The case against Kim Dotcom, finally revealed | Ars Technica

Feds lay it all out: Megaupload made $150+ million, and Dotcom must stand trial.

The government’s 191-page “Summary of Evidence” also details the stunning sums that Dotcom and his colleagues made running their site. Dotcom, who owned 68 percent of Megaupload and all of sister site Megavideo, made more than $42 million in calendar year 2010. CTO Mathias Ortmann, who owned 25 percent share of Megaupload, made more than $9 million that same year; designer Julius Bencko (2.5 percent) made more than $1 million, and programmer Bram Van Der Kolk (also 2.5 percent) made more than $2 million. Chief Marketing Officer Finn Batato, who was not a shareholder, made $400,000. And no perk was too excessive: the company spent $616,000 renting Mediterranean yachts.

READ THE FULL STORY AT ARS TECHNICA:
http://arstechnica.com/tech-policy/2013/12/us-unveils-the-case-against-kim-dotcom-revealing-e-mails-and-financial-data/

Silk Road Arrest Shines Light on ‘Dark Web’ | ABC News

The wild west wasn’t wild forever, and neither will the internet be… Sooner or later the good guys will catch up to the bad guys and people will value law, over lawlessness. This bust proves that the issues musicians and creators face online is not so much about technology, but rather how that technology is used.

The FBI’s takedown of a billion-dollar black market website that allowed users to sell and purchase illegal items has shined a spotlight on the “dark Web,” which masks users’ online identities while providing a shield for everyone from hackers to journalists and the police.

Ross William Ulbricht, 29, was arrested Tuesday and charged with a battery of conspiracy crimes allegedly committed through his Silk Road website, which has been called the “Amazon of illegal drugs” or the “eBay of illicit substances.” It was described by the FBI as “the most sophisticated and extensive criminal marketplace on the Internet.”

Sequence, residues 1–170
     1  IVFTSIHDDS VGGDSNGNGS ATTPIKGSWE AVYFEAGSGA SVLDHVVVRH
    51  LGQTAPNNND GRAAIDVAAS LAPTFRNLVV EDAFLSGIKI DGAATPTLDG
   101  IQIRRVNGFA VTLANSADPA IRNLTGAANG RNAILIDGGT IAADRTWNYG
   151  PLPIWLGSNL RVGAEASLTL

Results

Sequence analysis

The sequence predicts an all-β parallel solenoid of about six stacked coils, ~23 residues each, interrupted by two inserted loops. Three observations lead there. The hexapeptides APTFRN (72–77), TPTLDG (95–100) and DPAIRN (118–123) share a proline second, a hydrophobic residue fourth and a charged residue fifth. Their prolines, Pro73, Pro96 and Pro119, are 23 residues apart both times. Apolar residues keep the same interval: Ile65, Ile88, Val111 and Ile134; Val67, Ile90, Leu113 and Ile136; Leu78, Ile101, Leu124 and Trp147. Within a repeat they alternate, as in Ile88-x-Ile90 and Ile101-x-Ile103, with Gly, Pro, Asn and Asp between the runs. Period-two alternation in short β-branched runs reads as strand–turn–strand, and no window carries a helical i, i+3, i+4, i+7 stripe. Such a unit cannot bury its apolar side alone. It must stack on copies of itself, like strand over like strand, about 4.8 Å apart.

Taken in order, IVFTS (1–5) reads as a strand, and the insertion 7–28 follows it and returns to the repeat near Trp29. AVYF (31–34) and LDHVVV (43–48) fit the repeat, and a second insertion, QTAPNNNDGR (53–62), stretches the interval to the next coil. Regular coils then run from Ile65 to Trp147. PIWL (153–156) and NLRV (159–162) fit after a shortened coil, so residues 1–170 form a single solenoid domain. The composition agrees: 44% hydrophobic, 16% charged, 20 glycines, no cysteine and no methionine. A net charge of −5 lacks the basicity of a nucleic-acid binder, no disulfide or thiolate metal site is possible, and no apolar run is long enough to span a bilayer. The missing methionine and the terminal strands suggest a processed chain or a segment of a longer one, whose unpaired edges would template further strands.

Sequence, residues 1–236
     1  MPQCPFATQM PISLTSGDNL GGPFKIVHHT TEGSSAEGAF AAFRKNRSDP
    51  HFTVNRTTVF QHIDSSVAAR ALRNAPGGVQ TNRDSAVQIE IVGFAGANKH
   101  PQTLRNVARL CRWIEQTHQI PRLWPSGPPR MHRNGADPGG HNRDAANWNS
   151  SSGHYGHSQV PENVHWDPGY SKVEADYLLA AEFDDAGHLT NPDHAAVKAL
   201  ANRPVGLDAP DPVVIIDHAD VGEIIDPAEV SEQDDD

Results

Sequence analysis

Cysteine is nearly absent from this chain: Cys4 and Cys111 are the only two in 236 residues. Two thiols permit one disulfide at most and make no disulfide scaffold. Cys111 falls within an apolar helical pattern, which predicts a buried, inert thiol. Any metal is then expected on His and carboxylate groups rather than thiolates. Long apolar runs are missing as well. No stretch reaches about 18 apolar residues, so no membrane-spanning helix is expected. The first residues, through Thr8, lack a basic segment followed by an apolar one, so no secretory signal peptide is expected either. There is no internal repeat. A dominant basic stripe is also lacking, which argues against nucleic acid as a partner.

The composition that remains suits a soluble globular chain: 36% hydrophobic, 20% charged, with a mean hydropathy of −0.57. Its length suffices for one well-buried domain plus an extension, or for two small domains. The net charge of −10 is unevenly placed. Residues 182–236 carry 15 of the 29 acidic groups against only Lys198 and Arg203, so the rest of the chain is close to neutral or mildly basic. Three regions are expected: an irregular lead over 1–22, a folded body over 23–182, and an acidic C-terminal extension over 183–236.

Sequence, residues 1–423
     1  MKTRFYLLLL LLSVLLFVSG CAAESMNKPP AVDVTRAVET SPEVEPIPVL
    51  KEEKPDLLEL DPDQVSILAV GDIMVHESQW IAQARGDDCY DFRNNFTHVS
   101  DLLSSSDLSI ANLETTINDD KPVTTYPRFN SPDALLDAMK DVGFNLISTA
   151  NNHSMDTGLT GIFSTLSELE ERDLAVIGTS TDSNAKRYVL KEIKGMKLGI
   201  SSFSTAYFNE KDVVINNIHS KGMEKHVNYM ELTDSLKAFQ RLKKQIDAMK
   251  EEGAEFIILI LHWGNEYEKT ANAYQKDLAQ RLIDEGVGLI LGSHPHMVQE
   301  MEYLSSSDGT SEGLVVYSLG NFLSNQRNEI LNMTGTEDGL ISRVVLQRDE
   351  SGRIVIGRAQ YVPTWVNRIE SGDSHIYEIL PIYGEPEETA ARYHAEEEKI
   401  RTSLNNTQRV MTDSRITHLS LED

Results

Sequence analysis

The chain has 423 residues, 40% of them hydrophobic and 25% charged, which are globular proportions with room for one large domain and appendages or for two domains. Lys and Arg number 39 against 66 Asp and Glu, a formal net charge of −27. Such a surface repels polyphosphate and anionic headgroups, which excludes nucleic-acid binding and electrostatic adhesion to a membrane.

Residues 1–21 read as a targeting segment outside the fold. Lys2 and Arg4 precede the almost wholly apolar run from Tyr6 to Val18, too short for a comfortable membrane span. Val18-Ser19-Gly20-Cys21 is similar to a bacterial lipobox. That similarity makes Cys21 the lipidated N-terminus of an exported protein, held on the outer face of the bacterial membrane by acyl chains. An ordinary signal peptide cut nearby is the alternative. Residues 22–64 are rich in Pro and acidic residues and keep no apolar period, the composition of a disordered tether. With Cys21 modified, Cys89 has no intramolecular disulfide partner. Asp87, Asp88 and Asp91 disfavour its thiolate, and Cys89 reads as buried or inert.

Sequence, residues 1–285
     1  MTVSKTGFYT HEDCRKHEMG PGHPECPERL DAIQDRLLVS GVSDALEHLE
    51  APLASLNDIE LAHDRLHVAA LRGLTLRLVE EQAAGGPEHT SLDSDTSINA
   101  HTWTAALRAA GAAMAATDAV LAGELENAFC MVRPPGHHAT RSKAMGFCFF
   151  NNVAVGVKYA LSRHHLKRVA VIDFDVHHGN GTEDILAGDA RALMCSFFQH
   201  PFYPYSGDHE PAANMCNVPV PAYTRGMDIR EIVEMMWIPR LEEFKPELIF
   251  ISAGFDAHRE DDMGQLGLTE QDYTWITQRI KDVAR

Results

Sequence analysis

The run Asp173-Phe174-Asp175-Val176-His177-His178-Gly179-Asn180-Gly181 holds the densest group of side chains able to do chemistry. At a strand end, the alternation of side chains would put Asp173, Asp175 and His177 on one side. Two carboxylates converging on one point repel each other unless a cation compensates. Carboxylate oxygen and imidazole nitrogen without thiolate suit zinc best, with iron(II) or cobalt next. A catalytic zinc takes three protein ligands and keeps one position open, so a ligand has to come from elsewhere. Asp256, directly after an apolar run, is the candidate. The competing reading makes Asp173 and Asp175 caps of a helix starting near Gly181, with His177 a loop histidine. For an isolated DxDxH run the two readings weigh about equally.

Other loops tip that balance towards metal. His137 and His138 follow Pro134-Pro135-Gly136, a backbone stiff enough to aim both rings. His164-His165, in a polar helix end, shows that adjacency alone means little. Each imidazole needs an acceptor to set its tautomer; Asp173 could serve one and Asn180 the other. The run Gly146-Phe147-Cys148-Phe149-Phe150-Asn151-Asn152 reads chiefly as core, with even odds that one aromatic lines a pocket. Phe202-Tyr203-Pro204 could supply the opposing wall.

READ THE FULL STORY HERE:
http://abcnews.go.com/Technology/silk-road-arrest-shines-light-dark-web/story?id=20460774

Weekly News and Recap! Sunday Aug 26, 2012

Grab the Coffee!

Recent Posts:
* MegaUpload (MegaVideo) Smoking Gun? Did the site illegally charge for Streaming Movies?
* How to DMCA : Google Web Search, De-Listing Infringing Links
* Aimee Mann Exploited by Wells Fargo Bank, Nationwide Insurance and Others…
* Neko Case Exploited by Macy’s, Levi’s, Princess Cruises, Skype, Yahoo and Others…
* Talib Kweli Exploited by State Farm Insurance, Neiman Marcus, Ferguson/Kohler and Others…
* Death Cab For Cutie Exploited by Google, Target, AT&T, Ford, Urban Outfitters and Others…
* Jared Leto Exploited by Rapidshare, Volkswagon, Ford, LG, Adobe, Target and Others…
* A Commendable Response from Zedo
* SXSW Panels for Artists Rights – Show Your Support @ SXSW Panel Picker

The Sky is (not) Rising…
– The truth is unavoidable. In this post from Digital Music News we see again that not only are the sales of recorded music in decline, but along with it the number of professional musicians are also in decline. For all the spin put forth by the likes of former TuneCore CEO Jeff Price and the Future Of Music Coalition, the truth is the internet has failed to create a stronger professional working class of musicians. Anyone attempting to spin this anyone other way is not working for their own interests and not those of musicians. From the DMN post,

“according to stats supplied by the US Department of Labor, there are 41 percent fewer paid musicians since 1999.”

DMCA Takedown requests to Google up 100% in one month…
– Is anyone really surprised that given a new tool for delisting infringing links from Google Web Search that these numbers have increased. As Torrent Freak reports, “the scale of the issue had largely been hidden.”

A Shill by Any Other Name…
– Google released it’s Supplemental Disclosures, you can read here at scribd.com featuring all the usual suspects and your favorite cast of characters. Listed and described in the document are Public Knowledge, The Electronic Frontier Foundation, Floor 64 CEO Mike Masnick (also of Tech Dirt, but who questions why he was included by Google under the reference to the CCIA that he consults for) and others. The judge who ordered the disclosure rightfully understands that he who pays the piper names the tune. It’s funny how many of these same players appeared to have editorialized the SOPA debate to the benefit of Google’s business interests.